Untwisting a workbench top
February 10, 2012 5:40 AM   Subscribe

A friend gave me an old woodworker's workbench (looks a lot like this), and I'd like to put it to use. It has been stored improperly, and has a pretty severe twist in the third near the side vise. The whole top is something on the order of 10 cm (4") thick, and glued up from birch boards. Ideally I'd like to untwist it and flatten it and use it for woodworking. I'm unsure if it's feasible, though. I'm willing to spend a little money, as a new one of the same size is really expensive (USD 1000+).
posted by Harald74 to Home & Garden (16 answers total)
 
Twist like this is generally not fully reversible. To the extent that it can be undone, it will happen by itself as the wood acclimatizes to a proper (i.e. reasonably low-humidity indoor) environment.

Put the bench wherever you intend to use it. Let it stabilize in its new environment for a while -- a few weeks at least, preferably a couple of months. Adjust the vises as needed so they work smoothly and then machine the top flat, making sure the freshly cut surface is as near parallel as possible to the vise guides.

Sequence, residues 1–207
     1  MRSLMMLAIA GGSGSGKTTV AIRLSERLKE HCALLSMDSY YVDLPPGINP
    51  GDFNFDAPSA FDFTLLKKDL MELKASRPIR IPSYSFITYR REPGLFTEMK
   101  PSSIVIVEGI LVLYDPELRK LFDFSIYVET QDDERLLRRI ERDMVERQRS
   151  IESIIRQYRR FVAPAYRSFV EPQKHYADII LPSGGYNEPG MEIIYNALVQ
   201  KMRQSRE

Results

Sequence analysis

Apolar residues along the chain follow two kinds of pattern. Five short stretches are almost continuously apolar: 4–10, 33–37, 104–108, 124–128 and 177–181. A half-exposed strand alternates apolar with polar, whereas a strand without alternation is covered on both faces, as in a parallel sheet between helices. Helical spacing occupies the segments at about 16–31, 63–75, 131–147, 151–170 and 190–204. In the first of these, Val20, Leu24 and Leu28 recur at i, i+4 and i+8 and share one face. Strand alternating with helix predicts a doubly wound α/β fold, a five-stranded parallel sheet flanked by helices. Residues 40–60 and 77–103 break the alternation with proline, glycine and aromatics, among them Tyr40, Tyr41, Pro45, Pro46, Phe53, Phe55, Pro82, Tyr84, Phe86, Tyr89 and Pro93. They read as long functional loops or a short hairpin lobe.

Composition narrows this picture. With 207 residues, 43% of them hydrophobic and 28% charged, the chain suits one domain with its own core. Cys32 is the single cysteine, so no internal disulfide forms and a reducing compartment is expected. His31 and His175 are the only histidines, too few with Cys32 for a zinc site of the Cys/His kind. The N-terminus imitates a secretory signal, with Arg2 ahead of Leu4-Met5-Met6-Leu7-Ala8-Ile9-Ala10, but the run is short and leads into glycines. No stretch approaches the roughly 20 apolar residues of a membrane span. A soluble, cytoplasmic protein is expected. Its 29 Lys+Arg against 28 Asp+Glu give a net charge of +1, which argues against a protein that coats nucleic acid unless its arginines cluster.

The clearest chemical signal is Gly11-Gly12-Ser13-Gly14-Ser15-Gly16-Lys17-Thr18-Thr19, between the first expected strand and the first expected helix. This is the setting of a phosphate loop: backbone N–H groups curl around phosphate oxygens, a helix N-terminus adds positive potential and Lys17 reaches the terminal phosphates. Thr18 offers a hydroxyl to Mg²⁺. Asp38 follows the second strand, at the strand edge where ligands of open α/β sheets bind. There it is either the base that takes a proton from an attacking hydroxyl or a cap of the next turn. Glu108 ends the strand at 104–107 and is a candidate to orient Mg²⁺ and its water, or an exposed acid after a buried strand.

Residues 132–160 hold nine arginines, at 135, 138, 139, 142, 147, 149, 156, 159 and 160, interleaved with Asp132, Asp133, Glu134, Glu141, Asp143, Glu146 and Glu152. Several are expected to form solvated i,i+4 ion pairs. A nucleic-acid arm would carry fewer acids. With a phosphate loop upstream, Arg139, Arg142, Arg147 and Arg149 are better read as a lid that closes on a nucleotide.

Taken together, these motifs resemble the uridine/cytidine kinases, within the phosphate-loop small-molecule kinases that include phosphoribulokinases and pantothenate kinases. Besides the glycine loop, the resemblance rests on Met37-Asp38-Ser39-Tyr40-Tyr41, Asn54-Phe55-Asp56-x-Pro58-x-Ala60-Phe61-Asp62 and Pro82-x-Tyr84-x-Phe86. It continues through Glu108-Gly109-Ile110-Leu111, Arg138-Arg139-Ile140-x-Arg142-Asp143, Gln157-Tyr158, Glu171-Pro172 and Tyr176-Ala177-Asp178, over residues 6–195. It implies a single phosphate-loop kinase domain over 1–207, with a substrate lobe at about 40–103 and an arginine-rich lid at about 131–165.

posted by jon1270 at 5:51 AM on February 10, 2012 [4 favorites]


Untwisting it is probably not going to happen, but you can plane it flat (depending on how severe the twist is, since you'll basically be shaving the entire top down to its lowest point). I've never used a handheld belt sander, but my first thought is to start with one of those to get it in the neighborhood of flat, and then use something like a #6 handplane to finish the job.

This would be easy to do approximately correctly, more difficult to do very well. It's not unreasonable to hire an experienced woodworker to help with this project.
posted by deadweightloss at 5:52 AM on February 10, 2012


How much is the twist, is the question. Seconding that it will not be possible to untwist it, but maybe you can (after letting it stabilize for several months as jon1270 says) plane it flat, using a power plane for wood floors (to be rented). As deadweightloss says, the last finish should be done with a (also true - and sharp) hand plane.
posted by Namlit at 6:21 AM on February 10, 2012


I concur with all the above.....and would like to add, that having a flat, square and sturdy bench in your shop is one of the best "gifts" you can give yourself. This is not the place to cut corners as this bench / tool can have either a positive or negative effect everything you do for years and years to come. A few hours spent getting it just right will pay off 20 fold when everything you make is straight and true.
posted by HappyHippo at 6:34 AM on February 10, 2012